The Western Athletic Conference Scholar-Athletes of the Year banquet was staged at the Turlock Golf & Country Club this past month.
Angel Arellano and Mariana Garibay attended the event as Central Valley High School’s award recipients.
“It was an honor being in a room filled with so many students who are successful both on and off the field,” Arellano said. “It made me proud. It taught me hard work pays off.”
Added Garibay: “Being part of it was really cool. I felt honored.”
Angel had a cumulative GPA of 4.5 during his high-school career.
"My strategy was I wasn’t afraid to ask for help to guide me in the right direction."Angel Arellano
“It was pretty stressful,” he said. “But it was worth it. My strategy was I wasn’t afraid to ask for help to guide me in the right direction.”
Arellano passed six Advanced Placement (AP) exams: US History, European History, English Literature, Spanish Literature, Spanish Language and Biology.
“My focus has always been academics,” said Angel, who will receive results for four other AP tests this July. “It was hard but I was able to get through it. On average, I had three hours of homework a night.”
Garibay had a 3.6 GPA during her senior year.
She passed one AP exam (Spanish).
“I was really driven,” Mariana said.
Arellano earned six varsity letters, including three in boys soccer, two in boys volleyball and one in football
“It is possible to succeed in both (academics and athletics),” he said.
Angel earned first-team all-Western Athletic Conference honors in soccer and was selected to the WAC Second Team in volleyball during his senior year.
Central Valley’s soccer program amassed a 39-27-11 overall record, advanced to the finals of the Sac-Joaquin Section playoffs once and participated in the postseason twice from 2015-17.
“I’m happy with what we did,” Arellano said.
Angel played for Omar Leon (soccer), Kelly Heese (volleyball) and Scott Edwards (football).
“They’re some of the best coaches I’ve been around,” he said. “They cared about you not just as athletes but students and people. They taught us lessons that go far beyond sports.”
Garibay also earned seven varsity letters, including four in girls soccer and three in girls volleyball.
“It was a challenge balancing everything,” she said. “Sports consumed so much time. I’d get home late. I’d only have two hours to do my homework.”
Mariana filled a key role while leading Central Valley’s girls soccer program to record heights.
The 2017-18 Hawks made their first-ever appearance in a Sac-Joaquin Section title game, posted a program-best 21-2-2 overall record, captured their third consecutive Western Athletic Conference championship and finished first at the Buchanan Tournament in Clovis.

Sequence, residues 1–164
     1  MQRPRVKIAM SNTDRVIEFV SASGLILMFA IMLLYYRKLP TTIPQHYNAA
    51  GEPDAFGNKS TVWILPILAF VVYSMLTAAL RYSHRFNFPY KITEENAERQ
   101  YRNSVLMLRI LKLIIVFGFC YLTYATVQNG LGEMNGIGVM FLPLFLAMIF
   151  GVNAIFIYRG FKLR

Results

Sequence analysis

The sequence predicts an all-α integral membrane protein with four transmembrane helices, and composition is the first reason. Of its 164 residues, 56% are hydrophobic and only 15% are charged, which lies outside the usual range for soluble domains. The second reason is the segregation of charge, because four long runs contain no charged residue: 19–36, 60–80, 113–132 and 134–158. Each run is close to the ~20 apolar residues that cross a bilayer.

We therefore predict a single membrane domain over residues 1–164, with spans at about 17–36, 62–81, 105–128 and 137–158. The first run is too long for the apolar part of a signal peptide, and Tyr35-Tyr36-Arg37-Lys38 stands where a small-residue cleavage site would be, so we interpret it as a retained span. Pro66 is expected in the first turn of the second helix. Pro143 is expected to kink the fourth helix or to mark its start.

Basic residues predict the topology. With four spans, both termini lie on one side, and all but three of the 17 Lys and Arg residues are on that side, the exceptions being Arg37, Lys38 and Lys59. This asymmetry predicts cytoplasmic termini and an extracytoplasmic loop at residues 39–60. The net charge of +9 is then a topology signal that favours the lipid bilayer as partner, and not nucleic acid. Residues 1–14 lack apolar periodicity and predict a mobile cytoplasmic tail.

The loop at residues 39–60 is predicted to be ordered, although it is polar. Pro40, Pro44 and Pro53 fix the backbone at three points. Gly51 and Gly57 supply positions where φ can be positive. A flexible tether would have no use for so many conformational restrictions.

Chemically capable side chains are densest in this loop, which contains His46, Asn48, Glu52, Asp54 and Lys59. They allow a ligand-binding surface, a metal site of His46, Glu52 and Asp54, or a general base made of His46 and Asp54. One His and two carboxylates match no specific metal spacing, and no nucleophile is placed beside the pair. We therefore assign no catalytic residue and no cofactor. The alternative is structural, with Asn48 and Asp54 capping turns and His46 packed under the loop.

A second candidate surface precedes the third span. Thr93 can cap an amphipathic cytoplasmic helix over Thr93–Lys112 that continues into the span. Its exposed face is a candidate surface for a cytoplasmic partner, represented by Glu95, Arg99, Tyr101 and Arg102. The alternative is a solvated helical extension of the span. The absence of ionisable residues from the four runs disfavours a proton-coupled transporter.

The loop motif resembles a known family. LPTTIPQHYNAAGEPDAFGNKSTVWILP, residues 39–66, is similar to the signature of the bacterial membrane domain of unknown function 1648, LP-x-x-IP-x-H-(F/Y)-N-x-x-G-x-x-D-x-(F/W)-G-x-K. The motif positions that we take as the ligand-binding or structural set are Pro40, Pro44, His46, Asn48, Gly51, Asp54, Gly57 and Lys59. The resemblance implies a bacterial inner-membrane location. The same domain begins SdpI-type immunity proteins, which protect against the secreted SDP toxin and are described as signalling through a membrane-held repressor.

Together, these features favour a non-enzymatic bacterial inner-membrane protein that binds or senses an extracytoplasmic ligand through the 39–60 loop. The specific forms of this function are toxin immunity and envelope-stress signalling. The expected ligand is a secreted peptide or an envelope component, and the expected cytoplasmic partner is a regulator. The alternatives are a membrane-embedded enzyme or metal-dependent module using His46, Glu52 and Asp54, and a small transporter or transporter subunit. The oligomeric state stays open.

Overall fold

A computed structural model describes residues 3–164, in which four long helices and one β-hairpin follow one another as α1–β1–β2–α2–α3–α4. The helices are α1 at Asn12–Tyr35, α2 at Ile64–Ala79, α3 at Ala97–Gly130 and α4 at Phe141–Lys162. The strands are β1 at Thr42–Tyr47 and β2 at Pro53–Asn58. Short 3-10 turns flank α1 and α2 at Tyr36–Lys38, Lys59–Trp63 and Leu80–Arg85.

The Hawks climbed to No. 1 in the state and No. 12 in the nation in the MaxPreps rankings on Dec. 15.
Central Valley collected 60 wins, six losses and three ties in a three-year span.
Garibay earned all-WAC honors four times, including first-team accolades twice.
“We accomplished so much,” she said.
Garibay garnered first-team all-league recognition in volleyball her junior year.
“I liked to lead on the court and be loud,” she said. “It felt natural.”
Mariana and the Hawks participated in the playoffs twice under Heese’s guidance.
“We had a good vibe on the court,” Mariana said. “We all got along.”
Arellano and Garibay are both blazing their own paths as first-generation college students.
“My parents are always encouraging me to do better,” Mariana said.
“My parents have been extremely supportive,” Arellano said. “They’ve always had my back. Seeing them struggle motivated me. I want to further my education so I have a better life.”
Garibay will attend Stanislaus State.
She wants to become an elementary school teacher.
“My life has always revolved around sports,” Mariana said. “Now, it’s time to focus on my career. I like little kids a lot.”
Garibay has three younger siblings.
“They really look up to me,” she said. “They’re already headed in the right direction. They know what colleges they want to go to.”
Arellano will major in Biology at UC Davis.
“I plan to enter med school,” he said. “Helping others comes naturally to me and I also enjoy doing it.”